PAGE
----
System variables used with the binary log.  The following list describes system variables for controlling binary logging. They can be set at server startup and some of them can be changed at runtime using SET. Server options used to control binary logging are listed earlier in this section.

  • binlog_cache_size

    Command-Line Format--binlog_cache_size=#
    Option-File Formatbinlog_cache_size
    Option Sets VariableYes, binlog_cache_size
    Variable Namebinlog_cache_size
    Variable ScopeGlobal
    Dynamic VariableYes
     Permitted Values
    Platform Bit Size32
    Typenumeric
    Default32768
    Range4096-4294967295
     Permitted Values
    Platform Bit Size64
    Typenumeric
    Default32768
    Range4096-18446744073709547520

    The size of the cache to hold changes to the binary log during a transaction. A binary log cache is allocated for each client if the server supports any transactional storage engines and if the server has the binary log enabled (--log-bin option). If you often use large transactions, you can increase this cache size to get better performance. The Binlog_cache_use and Binlog_cache_disk_use status variables can be useful for tuning the size of this variable. See Section 5.2.4, “The Binary Log”.

    In MySQL 5.5.3, a separate binary log cache (the binary log statement cache) was introduced for nontransactional statements and in MySQL 5.5.3 through 5.5.8, this variable sets.the size for both caches. This means that, in these MySQL versions, the total memory used for these caches is double the value set for binlog_cache_size.

    Begining with MySQL 5.5.9, binlog_cache_size sets the size for the transaction cache only, and the size of the statement cache is governed by the binlog_stmt_cache_size system variable.

  • binlog_direct_non_transactional_updates

    Version Introduced5.5.2
    Command-Line Format--binlog_direct_non_transactional_updates[=value]
    Option-File Formatbinlog_direct_non_transactional_updates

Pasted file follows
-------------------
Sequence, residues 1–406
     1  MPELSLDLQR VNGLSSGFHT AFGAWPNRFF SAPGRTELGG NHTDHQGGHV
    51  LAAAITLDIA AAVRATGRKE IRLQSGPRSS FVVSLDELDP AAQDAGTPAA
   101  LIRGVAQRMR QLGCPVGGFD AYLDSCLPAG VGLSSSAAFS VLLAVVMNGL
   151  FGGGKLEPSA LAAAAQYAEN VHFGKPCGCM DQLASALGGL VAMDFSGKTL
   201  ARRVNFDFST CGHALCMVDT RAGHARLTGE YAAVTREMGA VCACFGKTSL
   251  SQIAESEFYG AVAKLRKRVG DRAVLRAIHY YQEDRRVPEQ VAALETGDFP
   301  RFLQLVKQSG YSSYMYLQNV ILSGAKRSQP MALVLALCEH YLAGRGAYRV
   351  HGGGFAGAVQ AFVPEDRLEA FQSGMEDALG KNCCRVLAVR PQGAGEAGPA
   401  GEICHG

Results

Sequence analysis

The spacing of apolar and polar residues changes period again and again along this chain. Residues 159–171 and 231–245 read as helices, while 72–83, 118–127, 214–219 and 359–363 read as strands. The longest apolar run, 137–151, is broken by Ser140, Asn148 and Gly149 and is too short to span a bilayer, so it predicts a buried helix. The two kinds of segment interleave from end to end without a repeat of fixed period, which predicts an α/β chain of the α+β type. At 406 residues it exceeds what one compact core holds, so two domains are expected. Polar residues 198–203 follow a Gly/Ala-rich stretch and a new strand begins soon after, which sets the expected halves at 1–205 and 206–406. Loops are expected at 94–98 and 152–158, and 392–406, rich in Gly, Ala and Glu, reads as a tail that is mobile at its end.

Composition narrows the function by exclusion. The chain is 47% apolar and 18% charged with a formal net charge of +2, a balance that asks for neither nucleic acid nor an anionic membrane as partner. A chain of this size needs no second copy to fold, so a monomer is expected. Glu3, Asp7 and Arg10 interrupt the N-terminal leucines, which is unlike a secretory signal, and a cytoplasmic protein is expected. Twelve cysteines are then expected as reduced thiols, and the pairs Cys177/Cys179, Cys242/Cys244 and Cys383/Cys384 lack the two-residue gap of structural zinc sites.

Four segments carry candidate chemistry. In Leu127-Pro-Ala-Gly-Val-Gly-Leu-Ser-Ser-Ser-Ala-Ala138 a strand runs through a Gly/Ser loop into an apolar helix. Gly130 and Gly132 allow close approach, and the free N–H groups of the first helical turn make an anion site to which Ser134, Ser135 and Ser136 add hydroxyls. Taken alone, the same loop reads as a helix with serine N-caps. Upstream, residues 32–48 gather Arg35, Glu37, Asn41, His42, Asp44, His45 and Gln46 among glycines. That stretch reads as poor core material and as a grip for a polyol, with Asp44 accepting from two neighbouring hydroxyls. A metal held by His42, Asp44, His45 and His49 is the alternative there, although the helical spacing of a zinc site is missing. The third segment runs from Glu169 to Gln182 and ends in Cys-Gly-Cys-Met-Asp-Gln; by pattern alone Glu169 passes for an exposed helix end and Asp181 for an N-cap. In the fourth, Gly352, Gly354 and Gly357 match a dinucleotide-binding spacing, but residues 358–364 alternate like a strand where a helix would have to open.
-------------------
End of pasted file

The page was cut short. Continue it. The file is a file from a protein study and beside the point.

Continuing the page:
Option Sets VariableYes, binlog_direct_non_transactional_updates
    Variable Namebinlog_direct_non_transactional_updates
    Variable ScopeGlobal, Session
    Dynamic VariableYes
     Permitted Values
    Typeboolean
    DefaultOFF

    Due to concurrency issues, a slave can become inconsistent when a transaction contains updates to both transactional and non-transactional tables. MySQL tries to preserve causality among these statements by writing non-transactional statements to the transaction cache, which is flushed upon commit. However, problems arise when modifications done to nontransactional tables on behalf of a transaction become immediately visible to other connections because these changes may not be written immediately into the binary log.

    Beginning with MySQL 5.5.2, the binlog_direct_non_transactional_updates variable offers one possible workaround to this issue. By default, this variable is disabled. Enabling binlog_direct_non_transactional_updates causes updates to nontransactional tables to be written directly to the binary log, rather than to the transaction cache.

    binlog_direct_non_transactional_updates works only for statements that are replicated using the statement-based binary logging format; that is, it works only when the value of binlog_format is STATEMENT, or when binlog_format is MIXED and a given statement is being replicated using the statement-based format. This variable has no effect when the binary log format is ROW, or when binlog_format is set to MIXED and a given statement is replicated using the row-based format.

    Important

    Before enabling this variable, you must make certain that there are no dependencies between transactional and nontransactional tables; an example of such a dependency would be the statement INSERT INTO myisam_table SELECT * FROM innodb_table. Otherwise, such statements are likely to cause the slave to diverge from the master.